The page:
Beyond finishing a manuscript and submitting it, what do I think would make a great goal for each and every one of you reading this?  Easy. Long term goal: Make writing a priority in your life. Take a long, hard look at how and  where you fit in writing. What can you do to improve in your craft? Cheryl St. John picks one writing related concept and works on that for a year. Measurable? Yes. Attainable? Yes. and moves her toward a long term goal of increased aptitude in the craft of writing. Be honest with yourself and make an advance plan on how you'll handle all those little things that get in the way. And there's gonna be a lot of them. Unless you live a charmed writer's life. If so... pass on the secret!

Now... fist bump and get goaling!

Goals? Get 'em. Got 'em. Good.

Thursday, December 10, 2009

Christmas Party Pictures

Just wanted to post a few pictures from the Christmas Party.

As you can see we had a wonderful time. Mary Karen and the Captain enjoyed some fun in the sun.

Meg did a hula dance.

A great beach escape to party with friends.

HWG rocks!

Wednesday, December 9, 2009

Goals, Calendars and Dachshunds

I’ve served as the Goals Guru for HWG for a number of years. We’ve experienced a whole slew of ideas designed to help Heartlandians meet their writing goals. But even though the writing derbies, challenges, visual representations and bookshelves have gone through a variety of changes, one goals idea has remained constant.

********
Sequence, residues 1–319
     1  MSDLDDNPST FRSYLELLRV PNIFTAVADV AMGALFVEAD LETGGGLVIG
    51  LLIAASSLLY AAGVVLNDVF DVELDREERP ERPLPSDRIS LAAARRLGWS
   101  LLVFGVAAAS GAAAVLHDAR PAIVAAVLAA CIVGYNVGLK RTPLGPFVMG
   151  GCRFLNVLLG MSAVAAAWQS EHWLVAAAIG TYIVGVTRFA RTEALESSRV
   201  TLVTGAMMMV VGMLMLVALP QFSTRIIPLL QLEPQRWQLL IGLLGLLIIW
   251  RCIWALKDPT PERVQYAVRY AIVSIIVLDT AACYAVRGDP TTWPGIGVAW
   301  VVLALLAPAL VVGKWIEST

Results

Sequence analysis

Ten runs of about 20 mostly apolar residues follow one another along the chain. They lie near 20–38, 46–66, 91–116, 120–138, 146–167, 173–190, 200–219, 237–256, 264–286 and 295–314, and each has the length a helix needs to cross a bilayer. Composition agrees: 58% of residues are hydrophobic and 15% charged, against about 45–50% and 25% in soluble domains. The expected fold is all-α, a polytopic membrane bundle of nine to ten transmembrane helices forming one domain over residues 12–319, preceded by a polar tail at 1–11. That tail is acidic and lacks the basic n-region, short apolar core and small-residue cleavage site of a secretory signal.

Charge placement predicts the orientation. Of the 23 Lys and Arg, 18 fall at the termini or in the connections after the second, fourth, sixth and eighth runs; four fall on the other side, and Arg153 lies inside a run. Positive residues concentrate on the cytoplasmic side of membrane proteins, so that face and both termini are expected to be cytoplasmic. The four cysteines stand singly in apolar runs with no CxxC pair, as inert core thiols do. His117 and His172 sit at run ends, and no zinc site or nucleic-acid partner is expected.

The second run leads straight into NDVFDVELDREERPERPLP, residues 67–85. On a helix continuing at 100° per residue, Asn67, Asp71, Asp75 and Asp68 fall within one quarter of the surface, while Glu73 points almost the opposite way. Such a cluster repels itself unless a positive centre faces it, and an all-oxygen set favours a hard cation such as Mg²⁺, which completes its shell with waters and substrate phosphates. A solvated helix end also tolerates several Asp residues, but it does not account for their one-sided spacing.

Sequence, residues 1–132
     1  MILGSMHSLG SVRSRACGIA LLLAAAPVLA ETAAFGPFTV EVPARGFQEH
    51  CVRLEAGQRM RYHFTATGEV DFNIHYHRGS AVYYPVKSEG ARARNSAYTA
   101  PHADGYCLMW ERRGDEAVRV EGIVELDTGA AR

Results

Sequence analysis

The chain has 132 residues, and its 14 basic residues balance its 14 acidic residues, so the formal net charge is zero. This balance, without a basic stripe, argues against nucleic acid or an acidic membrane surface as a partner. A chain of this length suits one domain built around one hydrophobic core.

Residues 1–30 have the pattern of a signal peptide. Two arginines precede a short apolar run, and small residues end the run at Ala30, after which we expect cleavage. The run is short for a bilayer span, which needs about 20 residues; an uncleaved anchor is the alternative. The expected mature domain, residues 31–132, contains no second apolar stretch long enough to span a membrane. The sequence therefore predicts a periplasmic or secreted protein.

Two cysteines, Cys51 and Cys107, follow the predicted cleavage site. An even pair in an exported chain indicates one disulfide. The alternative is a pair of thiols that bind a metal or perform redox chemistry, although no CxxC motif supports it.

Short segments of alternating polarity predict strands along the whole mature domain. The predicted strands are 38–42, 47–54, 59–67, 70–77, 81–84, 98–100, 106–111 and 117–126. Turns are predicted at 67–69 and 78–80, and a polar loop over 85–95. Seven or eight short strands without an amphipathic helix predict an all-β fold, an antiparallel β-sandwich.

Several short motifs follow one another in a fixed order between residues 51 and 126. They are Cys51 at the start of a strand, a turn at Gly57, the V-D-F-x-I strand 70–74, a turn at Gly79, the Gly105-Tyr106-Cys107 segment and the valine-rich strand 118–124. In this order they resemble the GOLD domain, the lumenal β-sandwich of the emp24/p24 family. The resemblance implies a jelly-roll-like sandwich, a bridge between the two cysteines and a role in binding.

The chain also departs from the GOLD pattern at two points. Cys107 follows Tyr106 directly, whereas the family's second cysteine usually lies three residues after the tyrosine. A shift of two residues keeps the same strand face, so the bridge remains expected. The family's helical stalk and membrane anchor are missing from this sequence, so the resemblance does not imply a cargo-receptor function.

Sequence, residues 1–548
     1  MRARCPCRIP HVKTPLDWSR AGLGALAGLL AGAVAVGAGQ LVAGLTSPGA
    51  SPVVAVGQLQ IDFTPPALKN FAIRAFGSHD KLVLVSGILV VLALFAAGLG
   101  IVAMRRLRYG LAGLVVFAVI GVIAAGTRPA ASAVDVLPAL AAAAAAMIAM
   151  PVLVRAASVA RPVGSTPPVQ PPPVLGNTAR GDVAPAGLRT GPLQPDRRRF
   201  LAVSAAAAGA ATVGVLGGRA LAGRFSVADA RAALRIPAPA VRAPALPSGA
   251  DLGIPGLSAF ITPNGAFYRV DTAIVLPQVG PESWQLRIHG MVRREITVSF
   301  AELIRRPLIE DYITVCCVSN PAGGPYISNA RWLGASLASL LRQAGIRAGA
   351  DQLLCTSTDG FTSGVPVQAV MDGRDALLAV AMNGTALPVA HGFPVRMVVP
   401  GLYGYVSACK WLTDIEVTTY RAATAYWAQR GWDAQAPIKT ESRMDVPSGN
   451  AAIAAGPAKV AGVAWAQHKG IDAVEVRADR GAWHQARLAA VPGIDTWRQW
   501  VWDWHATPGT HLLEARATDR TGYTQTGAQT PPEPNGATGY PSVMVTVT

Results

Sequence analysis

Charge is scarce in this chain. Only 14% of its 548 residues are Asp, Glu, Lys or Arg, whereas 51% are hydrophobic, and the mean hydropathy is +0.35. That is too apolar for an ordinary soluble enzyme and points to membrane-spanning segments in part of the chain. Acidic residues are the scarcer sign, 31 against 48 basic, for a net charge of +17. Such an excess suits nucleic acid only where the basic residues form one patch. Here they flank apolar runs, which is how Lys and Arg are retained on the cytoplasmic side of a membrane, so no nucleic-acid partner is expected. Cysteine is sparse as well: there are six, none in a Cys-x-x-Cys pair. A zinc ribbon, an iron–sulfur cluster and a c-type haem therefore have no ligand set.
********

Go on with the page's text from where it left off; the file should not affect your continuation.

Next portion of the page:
The calendar.

I don’t remember how many years ago I first brought up the idea of using a desk calendar for keeping track of goals. The concept has been successful for some, and not so for others (like any writing tool!). Let me explain a bit about the Heartlandian calendar concept.

First…find a desk style or engagement calendar that shows one week per page. Find one that has pictures that are meaningful for you. Doesn’t matter what makes your smile, or dream, or encourages you…find that calendar. For me, it’s a dachshund calendar. My brother bought me my first one, and had provided most of them since then. Last year, neither of us got the calendar, so I thought I’d try a different design. Along came Paula Deen. Now, I love Paula, and the calendar was great with recipes, stories and pictures, but it wasn’t what my creative mind needed for writing. And, my writing suffered. This year with my doxies, I’m more on track.

Now that you have a calendar, what should you use it for? Anything you want to.